WASHINGTON (Reuters) - President Barack Obama called on Wednesday for a sweeping overhaul of Wall Street regulations, saying big changes were needed to avoid a repeat of the financial meltdown.
Obama convened a high-level White House meeting on the issue that included Democratic and Republican lawmakers who said they would work with the administration to craft legislation in the next few weeks. Obama, a Democrat, said “painful experience” showed the rules needed to be modernized.
The economy cannot sustain “21st century markets with 20th century regulations,” Obama told reporters after the meeting with lawmakers.
“If we once again guide the market’s invisible hand with a higher principle, our markets will recover, our economy will once again thrive and America will once again lead the world in this new century as it did in the last,” he said.
Obama’s comments rattled investors. U.S. stocks fell after a day of choppy trading.
Obama, who took office on January 20, weighed in on oversight of the ailing financial sector the day after his first address to Congress, in which he sought to rally public support for his economic remedies.
Obama and other leaders of the Group of 20 nations will meet in London in April to discuss ways to improve the global financial system. Obama wants to signal that the United States has no intention of dragging its feet on the effort.
The G20 — comprised of the United States and major European economies as well as fast-growing economies like China — is looking at how to reshape the financial regulatory system that was largely shaped toward the end of World War Two at the 1944 Bretton Woods conference.
Turmoil throughout the banking and financial system caused by the subprime mortgage crisis is at the core of the recession that has spread worldwide.
There is wide agreement among financial market experts — both in the United States and around the world — that the rules governing financial institutions are in dire need of modernization.
Some experts believe that moving ahead quickly on the regulatory overhaul will help repair the shattered financial system by restoring trust. But others say tackling that while the markets are still in crisis might complicate matters.
“Strong financial markets require clear rules of the road, not to hinder financial institutions, but to protect consumers and investors and ultimately to keep those financial institutions strong,” Obama said.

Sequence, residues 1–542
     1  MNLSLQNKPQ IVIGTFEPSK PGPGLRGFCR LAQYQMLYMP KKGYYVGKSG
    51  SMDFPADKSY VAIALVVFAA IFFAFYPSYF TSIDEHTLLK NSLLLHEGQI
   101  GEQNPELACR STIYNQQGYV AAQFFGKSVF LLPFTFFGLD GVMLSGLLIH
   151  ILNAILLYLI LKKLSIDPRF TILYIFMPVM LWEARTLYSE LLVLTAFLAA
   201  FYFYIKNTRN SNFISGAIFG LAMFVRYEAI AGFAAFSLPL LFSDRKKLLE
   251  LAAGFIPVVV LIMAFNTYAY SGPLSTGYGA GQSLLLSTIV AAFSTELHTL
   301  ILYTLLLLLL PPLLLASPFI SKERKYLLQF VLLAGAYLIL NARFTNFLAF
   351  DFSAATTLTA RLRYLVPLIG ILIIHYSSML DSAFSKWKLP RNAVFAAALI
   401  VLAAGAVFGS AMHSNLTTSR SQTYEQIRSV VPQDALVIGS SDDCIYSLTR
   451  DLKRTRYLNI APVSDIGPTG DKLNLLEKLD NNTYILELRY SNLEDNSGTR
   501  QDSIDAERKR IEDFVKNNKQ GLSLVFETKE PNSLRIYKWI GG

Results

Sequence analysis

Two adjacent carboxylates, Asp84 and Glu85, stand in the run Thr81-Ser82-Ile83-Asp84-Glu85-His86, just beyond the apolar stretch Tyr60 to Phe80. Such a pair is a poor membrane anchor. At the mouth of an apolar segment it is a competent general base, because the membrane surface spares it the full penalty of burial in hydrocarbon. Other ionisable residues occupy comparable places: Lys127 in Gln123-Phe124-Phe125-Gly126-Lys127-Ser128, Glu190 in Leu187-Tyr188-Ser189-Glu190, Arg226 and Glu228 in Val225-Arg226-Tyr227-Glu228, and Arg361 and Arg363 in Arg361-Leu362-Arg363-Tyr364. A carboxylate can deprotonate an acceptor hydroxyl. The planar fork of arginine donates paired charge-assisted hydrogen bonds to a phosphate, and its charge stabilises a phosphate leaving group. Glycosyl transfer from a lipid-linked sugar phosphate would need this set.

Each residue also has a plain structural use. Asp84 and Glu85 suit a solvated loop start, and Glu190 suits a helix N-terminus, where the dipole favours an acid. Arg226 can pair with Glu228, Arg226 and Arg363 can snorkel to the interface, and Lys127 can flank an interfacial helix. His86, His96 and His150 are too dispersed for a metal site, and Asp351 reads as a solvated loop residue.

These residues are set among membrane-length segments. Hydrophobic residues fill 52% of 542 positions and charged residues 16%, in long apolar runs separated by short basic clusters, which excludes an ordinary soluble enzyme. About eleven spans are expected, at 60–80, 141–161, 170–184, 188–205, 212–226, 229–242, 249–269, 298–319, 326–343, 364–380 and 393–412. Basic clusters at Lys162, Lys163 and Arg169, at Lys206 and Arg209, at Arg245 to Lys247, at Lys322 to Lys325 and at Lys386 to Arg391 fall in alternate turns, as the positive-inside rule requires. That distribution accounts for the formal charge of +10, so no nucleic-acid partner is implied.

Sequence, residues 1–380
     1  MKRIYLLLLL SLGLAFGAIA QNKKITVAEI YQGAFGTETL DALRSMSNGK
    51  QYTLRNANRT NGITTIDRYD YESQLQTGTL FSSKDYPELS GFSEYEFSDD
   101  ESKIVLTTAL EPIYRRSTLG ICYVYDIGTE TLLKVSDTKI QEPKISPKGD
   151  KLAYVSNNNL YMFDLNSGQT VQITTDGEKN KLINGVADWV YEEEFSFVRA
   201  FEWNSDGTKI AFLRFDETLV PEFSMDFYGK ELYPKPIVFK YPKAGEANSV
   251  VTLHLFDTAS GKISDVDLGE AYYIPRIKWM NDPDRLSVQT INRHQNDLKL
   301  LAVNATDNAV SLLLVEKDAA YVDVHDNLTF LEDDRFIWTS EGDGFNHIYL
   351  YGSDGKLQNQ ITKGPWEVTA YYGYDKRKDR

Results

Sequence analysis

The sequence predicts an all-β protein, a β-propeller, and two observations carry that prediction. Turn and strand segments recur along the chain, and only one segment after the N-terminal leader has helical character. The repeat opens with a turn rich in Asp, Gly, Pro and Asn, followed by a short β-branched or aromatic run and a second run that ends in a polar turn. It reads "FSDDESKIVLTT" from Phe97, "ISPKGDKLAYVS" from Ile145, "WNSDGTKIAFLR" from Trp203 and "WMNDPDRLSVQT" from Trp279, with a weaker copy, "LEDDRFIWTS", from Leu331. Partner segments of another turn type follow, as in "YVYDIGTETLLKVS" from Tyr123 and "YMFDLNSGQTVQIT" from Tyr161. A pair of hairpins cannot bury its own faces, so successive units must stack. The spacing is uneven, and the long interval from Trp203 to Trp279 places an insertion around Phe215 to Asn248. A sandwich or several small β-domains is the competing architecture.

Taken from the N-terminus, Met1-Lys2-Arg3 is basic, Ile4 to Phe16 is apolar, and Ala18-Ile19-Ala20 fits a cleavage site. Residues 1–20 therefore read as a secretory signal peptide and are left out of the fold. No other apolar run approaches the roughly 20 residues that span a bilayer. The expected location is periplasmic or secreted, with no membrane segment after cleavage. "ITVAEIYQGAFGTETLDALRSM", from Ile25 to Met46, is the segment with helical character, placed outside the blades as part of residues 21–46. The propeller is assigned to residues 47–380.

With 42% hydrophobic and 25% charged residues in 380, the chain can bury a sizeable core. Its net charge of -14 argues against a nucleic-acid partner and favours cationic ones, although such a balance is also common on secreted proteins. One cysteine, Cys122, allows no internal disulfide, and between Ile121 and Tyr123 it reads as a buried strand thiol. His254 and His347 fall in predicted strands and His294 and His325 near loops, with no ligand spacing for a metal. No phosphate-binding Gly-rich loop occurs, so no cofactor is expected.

New York Senator Charles Schumer, a member of the Democratic leadership, said the Treasury Department is working with lawmakers to overhaul financial regulations.
The aim is to have a framework for such legislation by April 2 when Obama goes to the G20.
Schumer said the United States wants G20 leaders to know what the United States is planning, at least in general terms, to avert possible conflicts with efforts overseas.
“In the financial world, if we were to legislate and Europe would do something totally different, it might undercut everything we do,” Schumer told reporters on Capitol Hill.
“Our intention is to try to get this done in the coming weeks and months,” Senator Christopher Dodd, chairman of the Senate Banking Committee, told reporters after the White House meeting.
The European Union is also stepping up the pace of financial regulation reform.
The executive European Commission published guidelines on Wednesday for an EU-wide approach to dealing with toxic assets at banks and a report to be debated by EU leaders called for two bodies to coordinate oversight of financial institutions across Europe.
Obama said the need for regulatory reform was a global one.
“We must recognize that the challenges we face are not just American challenges, they are global challenges,” he said.
Well before the mid-September collapse of Lehman Brothers led to a meltdown in the financial markets, Obama had urged a wide-ranging overhaul of the patchwork system of Wall Street regulatory agencies. He said the weak and outdated system would leave Wall Street vulnerable in a crisis.
Obama gave a speech on the subject at NASDAQ in September 2007, and in another speech in March 2008, he outlined principles of his vision for updating the financial rules.
Additional reporting by Thomas Ferraro and Matt Spetalnick; editing by Patricia Zengerle